Hello, my name is Michael Hickman and I am a 14-year-old living in the US. I am from Las Vegas, Nevada. I started using Blender when I was 11 years old, after discovering a free tool that allowed me to customize the software to my liking. Before then, I used Autodesk products at the age of eight for CAD modeling, which I thought looked terrible at the time.
Through using Blender, I found similarities with polygonal modeling in other programs and was able to quickly get a basic understanding of the software. I continued to learn and improve my skills by creating something new in Blender every week. I switch between realism and stylization in my work, and while I enjoy both, I find that stylized art has a playfulness that is not present in any other medium. I now use Blender and Krita for all my work and occasionally use Houdini for simulation.
My work is inspired by children's book illustrations. I adore the cute and simplistic designs of the animals with their corresponding environments. The facial features in a lot of my works are a mixture of different cute and kawaii arts that I find on Pinterest, mixed together to get my result.
My process mostly starts with mapping out a baseline for my work. I then add more complexity and develop a personality for the characters. To do this, I ask myself questions such as: "Where are the ravens located?" "What season are they in?" "What is the weather?" This helps me to establish a baseline for my work.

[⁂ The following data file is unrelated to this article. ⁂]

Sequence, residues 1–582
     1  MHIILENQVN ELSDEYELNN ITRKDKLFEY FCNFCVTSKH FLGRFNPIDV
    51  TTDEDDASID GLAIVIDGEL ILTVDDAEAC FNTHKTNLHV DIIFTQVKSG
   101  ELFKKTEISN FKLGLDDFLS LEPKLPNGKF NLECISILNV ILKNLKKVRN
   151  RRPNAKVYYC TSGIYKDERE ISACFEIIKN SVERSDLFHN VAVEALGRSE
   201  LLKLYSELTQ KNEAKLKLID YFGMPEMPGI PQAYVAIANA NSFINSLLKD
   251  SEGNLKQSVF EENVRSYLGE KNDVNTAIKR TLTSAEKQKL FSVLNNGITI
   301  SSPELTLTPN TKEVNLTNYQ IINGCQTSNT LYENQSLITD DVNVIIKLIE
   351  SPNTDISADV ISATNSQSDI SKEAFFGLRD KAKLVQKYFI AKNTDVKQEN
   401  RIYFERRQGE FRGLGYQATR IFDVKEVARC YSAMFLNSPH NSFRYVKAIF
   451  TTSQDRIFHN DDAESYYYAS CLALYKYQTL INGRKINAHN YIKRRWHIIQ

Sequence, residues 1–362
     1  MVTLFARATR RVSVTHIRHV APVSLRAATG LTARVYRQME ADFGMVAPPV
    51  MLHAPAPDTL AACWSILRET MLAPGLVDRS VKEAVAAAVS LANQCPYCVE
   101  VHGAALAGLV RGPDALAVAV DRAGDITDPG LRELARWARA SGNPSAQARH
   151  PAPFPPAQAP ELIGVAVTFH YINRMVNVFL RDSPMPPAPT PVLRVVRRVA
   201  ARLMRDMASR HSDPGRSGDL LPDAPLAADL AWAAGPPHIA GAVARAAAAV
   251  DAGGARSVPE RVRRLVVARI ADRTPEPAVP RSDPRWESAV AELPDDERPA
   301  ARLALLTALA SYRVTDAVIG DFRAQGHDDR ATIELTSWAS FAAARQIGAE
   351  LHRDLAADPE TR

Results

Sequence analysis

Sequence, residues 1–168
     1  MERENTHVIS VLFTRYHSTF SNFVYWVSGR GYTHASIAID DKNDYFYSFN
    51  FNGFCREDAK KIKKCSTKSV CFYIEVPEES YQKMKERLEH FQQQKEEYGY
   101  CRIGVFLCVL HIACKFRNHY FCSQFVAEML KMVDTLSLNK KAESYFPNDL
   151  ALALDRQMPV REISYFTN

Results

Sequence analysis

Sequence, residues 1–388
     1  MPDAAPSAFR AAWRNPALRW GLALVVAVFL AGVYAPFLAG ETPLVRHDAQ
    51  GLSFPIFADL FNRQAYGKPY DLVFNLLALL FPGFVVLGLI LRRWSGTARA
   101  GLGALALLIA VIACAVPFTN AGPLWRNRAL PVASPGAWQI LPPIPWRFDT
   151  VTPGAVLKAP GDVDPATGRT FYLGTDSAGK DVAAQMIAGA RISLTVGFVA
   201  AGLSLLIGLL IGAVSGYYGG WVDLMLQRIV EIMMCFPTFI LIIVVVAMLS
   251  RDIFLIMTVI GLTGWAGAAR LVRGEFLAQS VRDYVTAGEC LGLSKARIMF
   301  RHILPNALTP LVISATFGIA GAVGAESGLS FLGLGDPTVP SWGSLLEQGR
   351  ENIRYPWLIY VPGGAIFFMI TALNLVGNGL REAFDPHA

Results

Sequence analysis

Modeling is fairly simple, using a cube with a subdivision-surface to make its shape round. This makes the object more malleable and easier to manipulate.
The shrubs and grass are made of a NURBS curve with subdivided cubes as leaves. I modeled the hat and raven using basic shaping in sculpt mode with the elastic deform tool. I aim for a look that is not too sharp or too smooth, but just right to make the piece look satisfactory.
For texturing, I utilize a photo of fingerprints, which I use at a low bump value to create distortion on the mesh. Then, I have a noise node mixed with a Voronoi node on the roughness to give a wooden contrast and develop physicality in the texture. This creates a nice sheen that feels like you can touch the model itself. The grasses and shrubs use a color ramp node with an object info node to create randomness in the variety of plants available, generating additional contrast mixed with complementary volume shaders to generate ambiance.
COLOR SCRIPT AND DETAILS
I created a color palette through using saturation and contrast within Blender's viewport, and I ran through renditions of the scene to see which ones stand out and grab the viewer's eye. This is the most vital part of my work, where I use the MVP (Minimum Viable Product) method to push out the best work in the shortest period of time. The details are profound at this stage, where I zoom in on specific areas to capture any possible flat areas.
Basic color script draft with an idea of colors going through renditions.
For lighting, I use a volume mixed with a Nishita sky and finally, mix it with a key light to create a profound focal point for the entire piece. This grabs the viewer's attention and complements the textures of the environment.
Lighting and environment test 1:
I decided to remove trees for a more festive feel. I removed the trees and changed the Nishita sky settings.
Thanks for reading, and feel free to ask me anything. Have a great day!
About the Artist
Michael Hickman, a 14-year-old 3D artist from Las Vegas, Nevada. He is currently freelancing and doing personal work.